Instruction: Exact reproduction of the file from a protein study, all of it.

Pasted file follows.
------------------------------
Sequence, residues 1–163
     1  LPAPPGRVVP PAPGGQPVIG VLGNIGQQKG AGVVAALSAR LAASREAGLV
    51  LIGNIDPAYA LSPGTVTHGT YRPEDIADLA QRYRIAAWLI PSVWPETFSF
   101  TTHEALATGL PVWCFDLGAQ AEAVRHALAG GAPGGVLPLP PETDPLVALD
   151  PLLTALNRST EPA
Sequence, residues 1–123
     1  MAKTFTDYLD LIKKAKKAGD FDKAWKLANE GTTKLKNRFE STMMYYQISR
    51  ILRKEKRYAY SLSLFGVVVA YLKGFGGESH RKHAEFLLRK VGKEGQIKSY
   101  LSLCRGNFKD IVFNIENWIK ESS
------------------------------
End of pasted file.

Sequence, residues 1–163
     1  LPAPPGRVVP PAPGGQPVIG VLGNIGQQKG AGVVAALSAR LAASREAGLV
    51  LIGNIDPAYA LSPGTVTHGT YRPEDIADLA QRYRIAAWLI PSVWPETFSF
   101  TTHEALATGL PVWCFDLGAQ AEAVRHALAG GAPGGVLPLP PETDPLVALD
   151  PLLTALNRST EPA
Sequence, residues 1–123
     1  MAKTFTDYLD LIKKAKKAGD FDKAWKLANE GTTKLKNRFE STMMYYQISR
    51  ILRKEKRYAY SLSLFGVVVA YLKGFGGESH RKHAEFLLRK VGKEGQIKSY
   101  LSLCRGNFKD IVFNIENWIK ESS